Why everyone is confused about what ‘eco-friendly’ actually means
Misleading eco-messaging is everywhere, which has made it that much harder for genuine improvements in sustainable packaging to be embraced. But a well-designed label could help customers make earth-friendlier choices in a way that marketing-driven eco-claims can’t; having a common set of standards that designates certain products as more sustainable than others could also incentivize companies to kick their sustainability efforts into high gear. Can the industry come together to agree upon such a set of standards? That's another matter. Get the full story at Fast Company.
Amazon's grocery chain is growing. It isn't Whole Foods
Amazon has opened 11 Fresh locations around the United States over the past year, with one other set to debut this week in Long Beach, California. The company hopes that Fresh stores will help it capture more Amazon Prime members' food dollars, thereby increasing loyalty to the subscription program, as well as attract new sign-ups. It's also targeting lower- and middle-class consumers who may not frequent Amazon's other retail operation, Whole Foods, because of its higher prices. CNN reports.
First study of all Amazon greenhouse gases suggests the damaged forest is now worsening climate change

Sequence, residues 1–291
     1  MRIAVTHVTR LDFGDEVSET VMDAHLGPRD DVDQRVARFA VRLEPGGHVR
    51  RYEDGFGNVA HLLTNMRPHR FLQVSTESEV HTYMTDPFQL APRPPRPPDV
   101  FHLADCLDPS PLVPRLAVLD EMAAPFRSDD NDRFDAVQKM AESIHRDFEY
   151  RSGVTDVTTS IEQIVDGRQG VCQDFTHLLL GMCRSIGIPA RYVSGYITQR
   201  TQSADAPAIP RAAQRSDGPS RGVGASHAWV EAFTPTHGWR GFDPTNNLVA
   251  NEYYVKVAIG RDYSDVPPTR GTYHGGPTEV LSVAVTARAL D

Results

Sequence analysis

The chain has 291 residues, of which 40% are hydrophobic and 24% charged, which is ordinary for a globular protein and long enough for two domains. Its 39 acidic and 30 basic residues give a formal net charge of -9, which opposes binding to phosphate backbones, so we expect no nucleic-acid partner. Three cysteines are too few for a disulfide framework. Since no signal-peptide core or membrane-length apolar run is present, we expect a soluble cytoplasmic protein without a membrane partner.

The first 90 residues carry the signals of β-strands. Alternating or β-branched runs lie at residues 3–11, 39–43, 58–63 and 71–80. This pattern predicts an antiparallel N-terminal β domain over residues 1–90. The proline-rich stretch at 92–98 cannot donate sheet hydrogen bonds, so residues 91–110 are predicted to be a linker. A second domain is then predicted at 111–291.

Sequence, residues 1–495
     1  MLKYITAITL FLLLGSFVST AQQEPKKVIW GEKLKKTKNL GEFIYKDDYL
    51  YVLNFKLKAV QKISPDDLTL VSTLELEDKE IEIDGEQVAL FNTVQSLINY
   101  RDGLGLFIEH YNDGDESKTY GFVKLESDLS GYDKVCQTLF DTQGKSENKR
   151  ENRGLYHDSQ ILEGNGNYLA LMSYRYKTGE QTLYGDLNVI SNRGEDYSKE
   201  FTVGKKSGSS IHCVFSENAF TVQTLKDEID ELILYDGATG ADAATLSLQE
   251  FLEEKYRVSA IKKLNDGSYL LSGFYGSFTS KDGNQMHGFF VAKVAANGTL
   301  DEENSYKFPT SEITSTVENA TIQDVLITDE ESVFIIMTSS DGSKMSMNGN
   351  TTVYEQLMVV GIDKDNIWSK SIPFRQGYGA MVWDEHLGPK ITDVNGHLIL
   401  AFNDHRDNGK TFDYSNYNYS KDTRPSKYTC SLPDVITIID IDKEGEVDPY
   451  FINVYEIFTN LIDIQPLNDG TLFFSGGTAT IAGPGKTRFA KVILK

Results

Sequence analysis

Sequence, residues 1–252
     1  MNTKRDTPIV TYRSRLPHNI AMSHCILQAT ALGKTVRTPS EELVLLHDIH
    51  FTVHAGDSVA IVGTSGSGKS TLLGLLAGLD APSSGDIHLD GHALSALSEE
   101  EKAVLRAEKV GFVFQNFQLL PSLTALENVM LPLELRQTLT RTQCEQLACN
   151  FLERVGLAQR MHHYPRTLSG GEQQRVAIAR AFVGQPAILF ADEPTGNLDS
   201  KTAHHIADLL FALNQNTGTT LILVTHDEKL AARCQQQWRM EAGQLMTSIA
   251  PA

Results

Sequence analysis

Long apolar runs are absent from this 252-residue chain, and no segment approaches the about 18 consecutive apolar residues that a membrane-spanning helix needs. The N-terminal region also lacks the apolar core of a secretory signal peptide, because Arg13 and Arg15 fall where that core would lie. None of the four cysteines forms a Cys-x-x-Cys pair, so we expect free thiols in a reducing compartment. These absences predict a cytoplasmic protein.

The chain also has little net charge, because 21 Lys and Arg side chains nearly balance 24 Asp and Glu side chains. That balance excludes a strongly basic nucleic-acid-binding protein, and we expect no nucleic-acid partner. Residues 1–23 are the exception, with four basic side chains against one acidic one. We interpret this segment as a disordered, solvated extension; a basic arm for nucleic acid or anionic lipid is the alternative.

According to a first-of-its-kind analysis from more than 30 scientists, the Amazon rainforest is now a net contributor to the warming of the planet. Co-author of the report Fiona Soper noted that humans “have really exceeded the capacity of that system to provide reliable service" with regard to countering environmental damage, and that it isn't enough anymore to focus on the single metric of carbon. This is because resource extraction, damming rivers and the conversion of forest for soybean and livestock production all alter the natural systems in varying ways. Learn more at National Geographic.
Toxic chemicals threaten humanity
A family of chemicals known as PFAS are to blame for a shocking drop in sperm counts since 1973 (nearly 60%!), and can unfortunately be found in every nook and cranny on Earth. But legislation isn't moving fast enough to respond to this crisis—and it's no secrety why. The so-called "forever chemicals," Erin Brockovich writes for The Guardian, are still widespread and poorly regulated in large part because of lobbying by chemical industry giants.
Eager to be vaccinated, California farmworkers face obstacles
California has more than half a million farmworkers, and many appear eager to be immunized against COVID-19. However, workplace vaccination events are still few and far between in California, which has made doing so tricky. Experts say targeting farmworkers at their work sites is the best way to make vaccination efforts within the community successful; this will take more available doses as well as coordination and ingenuity. So far, around 46,000 agricultural workers in California have been infected with the virus. Head to The Counter for the full picture.